--Hawaiian Tropic Mineral Protective Sun Milk SPF 30 £10.50/100ml With 100% mineral-based UV protection, ‘reef-friendly’ claims and PETA certification, this mineral sunscreen from Hawaiian Tropic seems to have a lot going for it, but the results of our tests left us concerned. We found that it only provided around two thirds of its SPF 30 claim in our tests, meaning it won't protect you as much as you expect. It's another fail, and we don’t think you should buy it.
--Tropic Skin Shade Sun Cream SPF 30 £28/200ml Described as ‘reef friendly’ and mineral-based, this expensive sunscreen might feel like a good and green choice. Our application testing panel thought it was easy to apply while not feeling tacky on your skin. But, like the others above, it didn’t deliver on its SPF 30 claim in our tests, registering little more than a third of the expected SPF. It also failed to provide adequate UVA protection. Disappointing, and another Don’t Buy.
Mineral vs chemical sunscreens: what's the difference?
Chemical-based sunscreens use organic compounds, such as octocrylene, to filter UV rays. They are absorbed into the skin and provide sun protection by absorbing UV rays, either releasing the energy from the light as heat or changing the 3D shape of the chemical, which then breaks down.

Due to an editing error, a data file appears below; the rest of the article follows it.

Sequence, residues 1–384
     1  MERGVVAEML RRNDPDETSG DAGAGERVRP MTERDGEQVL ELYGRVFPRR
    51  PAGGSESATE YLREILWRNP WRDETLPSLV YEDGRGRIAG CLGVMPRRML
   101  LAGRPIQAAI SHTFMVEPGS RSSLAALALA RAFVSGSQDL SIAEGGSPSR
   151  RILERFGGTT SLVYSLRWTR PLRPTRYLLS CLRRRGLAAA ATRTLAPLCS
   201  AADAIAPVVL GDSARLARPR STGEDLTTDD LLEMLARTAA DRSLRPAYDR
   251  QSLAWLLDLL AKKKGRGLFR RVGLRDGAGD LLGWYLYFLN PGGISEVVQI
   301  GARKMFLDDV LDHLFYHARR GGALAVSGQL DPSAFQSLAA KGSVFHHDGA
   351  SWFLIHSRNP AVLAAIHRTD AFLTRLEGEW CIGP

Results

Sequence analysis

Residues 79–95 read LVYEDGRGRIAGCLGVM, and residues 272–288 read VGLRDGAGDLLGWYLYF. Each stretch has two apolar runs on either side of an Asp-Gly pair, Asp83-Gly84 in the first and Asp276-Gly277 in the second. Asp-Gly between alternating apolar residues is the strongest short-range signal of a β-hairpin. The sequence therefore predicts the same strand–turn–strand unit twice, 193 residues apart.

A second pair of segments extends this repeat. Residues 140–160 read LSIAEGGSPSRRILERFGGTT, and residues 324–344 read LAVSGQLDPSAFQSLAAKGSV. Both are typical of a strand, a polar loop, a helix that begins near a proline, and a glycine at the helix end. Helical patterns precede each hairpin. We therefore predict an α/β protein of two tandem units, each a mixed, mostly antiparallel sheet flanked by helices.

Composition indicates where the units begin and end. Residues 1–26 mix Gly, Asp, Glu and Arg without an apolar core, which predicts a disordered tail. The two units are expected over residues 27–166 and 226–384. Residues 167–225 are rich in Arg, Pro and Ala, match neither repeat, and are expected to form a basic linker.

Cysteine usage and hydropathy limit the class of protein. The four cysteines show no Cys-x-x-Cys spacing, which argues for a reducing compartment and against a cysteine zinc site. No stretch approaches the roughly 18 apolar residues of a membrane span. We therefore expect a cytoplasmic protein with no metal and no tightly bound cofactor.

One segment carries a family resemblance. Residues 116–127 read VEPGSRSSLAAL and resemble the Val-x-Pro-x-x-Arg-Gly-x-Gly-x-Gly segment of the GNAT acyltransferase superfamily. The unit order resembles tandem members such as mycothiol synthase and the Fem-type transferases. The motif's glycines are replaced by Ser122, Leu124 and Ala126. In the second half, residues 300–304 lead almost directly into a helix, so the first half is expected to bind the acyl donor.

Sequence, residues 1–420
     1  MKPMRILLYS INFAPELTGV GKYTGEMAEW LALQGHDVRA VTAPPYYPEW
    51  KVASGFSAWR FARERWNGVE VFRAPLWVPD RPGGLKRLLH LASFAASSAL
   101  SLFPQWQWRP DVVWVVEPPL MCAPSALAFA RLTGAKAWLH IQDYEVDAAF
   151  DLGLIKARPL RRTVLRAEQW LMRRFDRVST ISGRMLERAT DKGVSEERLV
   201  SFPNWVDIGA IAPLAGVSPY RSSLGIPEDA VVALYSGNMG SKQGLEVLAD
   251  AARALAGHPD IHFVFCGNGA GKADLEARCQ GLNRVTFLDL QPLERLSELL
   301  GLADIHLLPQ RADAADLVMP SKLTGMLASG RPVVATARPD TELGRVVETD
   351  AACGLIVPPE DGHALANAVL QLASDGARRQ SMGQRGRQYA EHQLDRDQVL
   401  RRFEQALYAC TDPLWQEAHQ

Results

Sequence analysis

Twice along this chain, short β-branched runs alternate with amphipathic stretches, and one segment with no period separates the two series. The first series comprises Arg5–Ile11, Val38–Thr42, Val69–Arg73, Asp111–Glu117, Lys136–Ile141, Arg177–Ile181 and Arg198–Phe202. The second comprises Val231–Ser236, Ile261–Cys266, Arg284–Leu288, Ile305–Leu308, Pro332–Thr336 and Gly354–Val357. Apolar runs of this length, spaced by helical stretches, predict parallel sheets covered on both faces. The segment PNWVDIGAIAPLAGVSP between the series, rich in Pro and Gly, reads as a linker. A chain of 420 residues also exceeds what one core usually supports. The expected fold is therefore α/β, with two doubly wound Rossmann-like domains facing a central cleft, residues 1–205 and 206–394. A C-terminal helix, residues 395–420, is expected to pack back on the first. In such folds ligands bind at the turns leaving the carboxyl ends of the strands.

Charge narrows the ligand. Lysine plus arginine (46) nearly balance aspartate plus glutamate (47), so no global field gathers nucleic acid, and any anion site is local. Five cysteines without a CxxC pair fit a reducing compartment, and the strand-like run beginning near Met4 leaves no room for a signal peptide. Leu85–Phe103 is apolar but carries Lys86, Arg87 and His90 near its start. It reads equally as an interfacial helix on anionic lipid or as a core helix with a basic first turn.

Mineral sunscreens use inorganic minerals, usually titanium dioxide or zinc oxide, to provide protection from UV rays. These sit on top of the skin when the sunscreen is applied, rather than being absorbed, and create a physical barrier that acts like a mirror, reflecting and scattering UV light.
Some UV filtering chemicals that you’ll find in most modern sunscreens have been linked to coral damage, which is why some people want to avoid using them. They can also be better for sensitive skin, which can be irritated by some chemical filters - and there are some concerns that chemical UV filters are absorbed into the bloodstream, though more research is needed.
What is 'reef-safe' sunscreen?
Mineral sunscreens often promote their environmental credentials, the most common being that they are ‘reef-safe’ or ocean-friendly. This tends to mean that two commonly used chemical UV filters linked to coral bleaching – oxybenzone and octinoxate – aren’t used. In some places, including Hawaii, the sale of sunscreens containing these compounds is banned.
However, terms such as 'reef-safe' and ocean-friendly aren't regulated, so there's no consensus on what they mean or which products they can be applied to.
While environmental considerations are important, as is what works best for your skin, our tests show a worrying pattern of the mineral sunscreens tested failing to provide their claimed level of SPF or UVA protection. Other independent European and American consumer groups that Which? works with internationally have had similar findings in independent tests.
Sunscreens that passed our SPF and UVA tests
We also tested eight sunscreens which use chemical UV filters as part of our 2022 testing. These all passed both SPF and UVA tests, and some cost less than £3 a bottle….
read … Full Report
TN: Sunscreens costing up to £28 do not offer protection claimed, says Which?